Unsafe disposal of waste linked to diseases with high infectivity rate: Bee'ah-led study

According to the study published by Elsevier, the risk of infectious zoonotic disease outbreaks could be mitigated through improved environmental management.


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July 4 2022
 
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Deforestation, air, soil, water pollution, imperishable waste and other environmental issues impacting the globe are intrinsically linked to the increasing frequency and lethality of zoonotic diseases such as COVID-19. This is according to a new study published by Elsevier in its journal “Hygiene and Environmental Health Advances”. The study was led by Bee'ah Environmental Services, the environmental consultancy business of Middle East sustainability pioneer, Bee'ah Group.  

The evidence-based review was informed by the studies of over 700,000 viruses derived from high-risk viral families observed since the 1980s. Through improved environmental management, the study found, the risk of infectious zoonotic disease outbreaks could be mitigated. Ultimately, we can prevent the occurrence of pandemic outbreaks similar to COVID-19 in the future. 

Protecting the environment can protect us from pandemics 

“Healthy environmental ecosystems create a sanitary barrier that limits the spread of disease. Additionally, protecting against the effects of climate change may play a significant role in minimising the impact and transmission of infectious diseases. Therefore, it is vital that we increase our focus on protecting the environment to improve our resilience to future pandemics,” said Eng. Mohamed AlHosani, Chief Sustainability Officer at Bee'ah Group, a co-author on the study.  According to research, deforestation is reported to increase susceptibility to COVID-19 due to wildfire induced pollution and loss of forest ecosystem services. As such, forest fragmentation and biodiversity loss have the potential to proliferate the transmission of viruses and disease.

“Deforestation will likely lead to environmental damage and the modification of zoonotic habitats, resulting in the increased frequency of human and domestic animal contact with wildlife reservoirs of potential zoonoses. This increases the likelihood of our exposure to infectious diseases that are able to be transmitted between species, from animals to humans,” said Dr Hashem Stietiya, the Bee'ah Environment Services Director of Research and Development, a co-author on the study.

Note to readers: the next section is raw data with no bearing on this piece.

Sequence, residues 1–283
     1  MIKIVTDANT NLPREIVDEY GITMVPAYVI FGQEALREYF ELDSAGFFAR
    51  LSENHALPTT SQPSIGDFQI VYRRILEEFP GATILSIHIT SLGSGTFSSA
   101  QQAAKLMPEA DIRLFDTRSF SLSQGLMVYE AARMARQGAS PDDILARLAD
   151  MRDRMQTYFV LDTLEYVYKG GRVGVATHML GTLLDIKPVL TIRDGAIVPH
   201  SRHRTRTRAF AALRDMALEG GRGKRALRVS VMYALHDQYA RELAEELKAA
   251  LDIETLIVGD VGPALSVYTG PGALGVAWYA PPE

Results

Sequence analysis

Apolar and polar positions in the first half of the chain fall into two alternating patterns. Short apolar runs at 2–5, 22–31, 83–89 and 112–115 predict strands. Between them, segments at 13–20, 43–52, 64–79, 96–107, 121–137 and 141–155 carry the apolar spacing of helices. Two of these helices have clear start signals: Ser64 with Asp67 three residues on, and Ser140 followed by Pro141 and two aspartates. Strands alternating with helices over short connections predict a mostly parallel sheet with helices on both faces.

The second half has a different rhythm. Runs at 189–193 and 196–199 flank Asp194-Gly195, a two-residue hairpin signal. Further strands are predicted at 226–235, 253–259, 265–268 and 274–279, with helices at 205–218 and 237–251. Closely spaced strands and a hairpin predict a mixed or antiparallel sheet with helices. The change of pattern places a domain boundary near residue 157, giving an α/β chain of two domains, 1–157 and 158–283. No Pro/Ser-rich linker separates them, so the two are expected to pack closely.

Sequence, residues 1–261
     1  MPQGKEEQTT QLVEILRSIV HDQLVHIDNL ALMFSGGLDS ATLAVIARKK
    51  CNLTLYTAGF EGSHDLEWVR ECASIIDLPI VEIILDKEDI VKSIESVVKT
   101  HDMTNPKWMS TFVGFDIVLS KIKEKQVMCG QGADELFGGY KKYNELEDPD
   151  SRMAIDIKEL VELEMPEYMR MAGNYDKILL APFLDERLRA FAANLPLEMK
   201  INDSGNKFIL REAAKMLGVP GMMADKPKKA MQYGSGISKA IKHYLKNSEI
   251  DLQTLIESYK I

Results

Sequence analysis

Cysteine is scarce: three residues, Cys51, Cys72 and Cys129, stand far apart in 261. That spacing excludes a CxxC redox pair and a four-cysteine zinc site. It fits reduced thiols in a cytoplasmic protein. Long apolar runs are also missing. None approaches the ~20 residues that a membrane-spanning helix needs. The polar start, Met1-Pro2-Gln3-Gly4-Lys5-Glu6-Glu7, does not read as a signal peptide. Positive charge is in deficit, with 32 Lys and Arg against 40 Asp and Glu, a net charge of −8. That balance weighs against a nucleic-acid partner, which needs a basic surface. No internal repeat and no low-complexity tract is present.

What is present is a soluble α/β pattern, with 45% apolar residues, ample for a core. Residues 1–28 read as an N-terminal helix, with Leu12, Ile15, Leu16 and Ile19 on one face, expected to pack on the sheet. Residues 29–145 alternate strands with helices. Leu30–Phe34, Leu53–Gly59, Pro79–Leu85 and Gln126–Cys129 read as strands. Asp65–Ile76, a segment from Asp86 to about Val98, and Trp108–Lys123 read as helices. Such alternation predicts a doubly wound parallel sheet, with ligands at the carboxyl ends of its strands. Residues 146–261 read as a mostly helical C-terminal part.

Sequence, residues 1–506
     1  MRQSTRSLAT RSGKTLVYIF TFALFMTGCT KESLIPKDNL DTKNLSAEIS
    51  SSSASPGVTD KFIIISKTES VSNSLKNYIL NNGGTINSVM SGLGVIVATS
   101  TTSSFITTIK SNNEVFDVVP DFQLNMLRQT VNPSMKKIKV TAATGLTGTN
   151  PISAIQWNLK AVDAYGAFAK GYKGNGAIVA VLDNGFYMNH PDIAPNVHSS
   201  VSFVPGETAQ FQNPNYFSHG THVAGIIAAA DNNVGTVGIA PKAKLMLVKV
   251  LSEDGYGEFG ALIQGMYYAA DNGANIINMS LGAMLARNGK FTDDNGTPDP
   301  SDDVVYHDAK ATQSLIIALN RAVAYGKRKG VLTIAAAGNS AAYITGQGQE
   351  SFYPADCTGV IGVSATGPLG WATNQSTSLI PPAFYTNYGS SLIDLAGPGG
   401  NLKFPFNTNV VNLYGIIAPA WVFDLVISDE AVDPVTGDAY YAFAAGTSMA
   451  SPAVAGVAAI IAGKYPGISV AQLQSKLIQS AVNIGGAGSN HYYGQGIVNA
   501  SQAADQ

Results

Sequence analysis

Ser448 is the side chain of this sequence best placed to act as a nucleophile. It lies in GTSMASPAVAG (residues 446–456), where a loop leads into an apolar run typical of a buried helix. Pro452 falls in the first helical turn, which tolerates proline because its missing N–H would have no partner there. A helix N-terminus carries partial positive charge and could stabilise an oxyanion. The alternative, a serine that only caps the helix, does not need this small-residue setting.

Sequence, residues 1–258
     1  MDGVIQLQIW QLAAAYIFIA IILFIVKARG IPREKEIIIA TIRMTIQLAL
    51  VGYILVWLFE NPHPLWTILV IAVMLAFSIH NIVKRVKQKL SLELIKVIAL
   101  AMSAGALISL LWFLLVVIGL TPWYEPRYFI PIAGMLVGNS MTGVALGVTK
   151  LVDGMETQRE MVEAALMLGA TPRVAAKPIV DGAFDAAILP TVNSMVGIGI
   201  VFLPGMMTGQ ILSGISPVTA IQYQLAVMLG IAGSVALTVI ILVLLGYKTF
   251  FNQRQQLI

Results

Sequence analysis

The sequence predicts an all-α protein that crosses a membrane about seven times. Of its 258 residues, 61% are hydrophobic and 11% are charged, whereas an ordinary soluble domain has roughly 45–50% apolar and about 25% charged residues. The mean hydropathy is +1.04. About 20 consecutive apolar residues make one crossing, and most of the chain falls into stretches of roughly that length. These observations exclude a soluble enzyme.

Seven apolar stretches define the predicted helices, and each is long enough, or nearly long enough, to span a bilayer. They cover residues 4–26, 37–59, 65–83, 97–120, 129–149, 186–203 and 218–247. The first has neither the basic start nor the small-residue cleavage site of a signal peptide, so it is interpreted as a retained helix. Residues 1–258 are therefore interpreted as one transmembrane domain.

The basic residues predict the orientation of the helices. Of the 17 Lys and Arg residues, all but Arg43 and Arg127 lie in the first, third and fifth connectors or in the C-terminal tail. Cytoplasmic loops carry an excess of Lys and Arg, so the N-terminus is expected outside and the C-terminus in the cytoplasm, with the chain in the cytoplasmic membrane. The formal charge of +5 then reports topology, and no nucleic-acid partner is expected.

Air quality linked to immune response 

The study highlighted the fact that poor air quality can lead to a decreased immune response, impact lung function, and further enable the spread of viruses. Underdeveloped countries are particularly at risk since inadequate environmental management is more prevalent.

Air quality has been a major area of focus for Bee'ah Environment Services. In a previous publication led by the University of Sharjah, BEEAH Environment Services provided air quality data collected from its monitoring stations, contributing to insights derived time-series and statistical analyses. “In a previous study with University of Sharjah, we found that air quality improved significantly as a result of restricted mobility due to COVID-19 lockdown measures, Dr. Stietiya recalled. “Following this study, we became curious about the relationship between air quality and the spread of viruses. We began conducting evidence-based research on the spread of viruses, which clearly showed the potential for environmental management to mitigate the risk of future pandemics, contribute to better quality and of course contribute to better overall public health,” adds Dr. Stietiya. 

Risks of poor waste management

In relation to waste management, the study reported that lack of protection measures and safe disposal options raised concerns around viruses and diseases with a high infectivity rate. This is because solid waste materials could contain droplets, body fluids and blood which may be contaminated with a viable virus. 

Furthermore, inadequate legal frameworks and non-adherence to environmental regulations are also aggravating the risk and vulnerability to future waves of pandemics. “When examined holistically, these findings prove that thoughtful management of environmental factors such as deforestation, air quality, and waste would assist not only in predicting the severity of a pandemic but also in the management of diseases,” said Dr. Stietiya. 

“Since the start of the pandemic, nations across the globe have been prioritising economic recovery efforts and safeguarding agricultural production. This has impacted global sustainability efforts, without which there is increasing potential for the severity of future outbreaks to be exacerbated,” adds Eng. Alhosani. “Now, as economies move beyond recovery towards transformation and growth, sustainability through environmental management must be made a key priority to ensure we are better prepared to mitigate the risks of any future outbreaks.”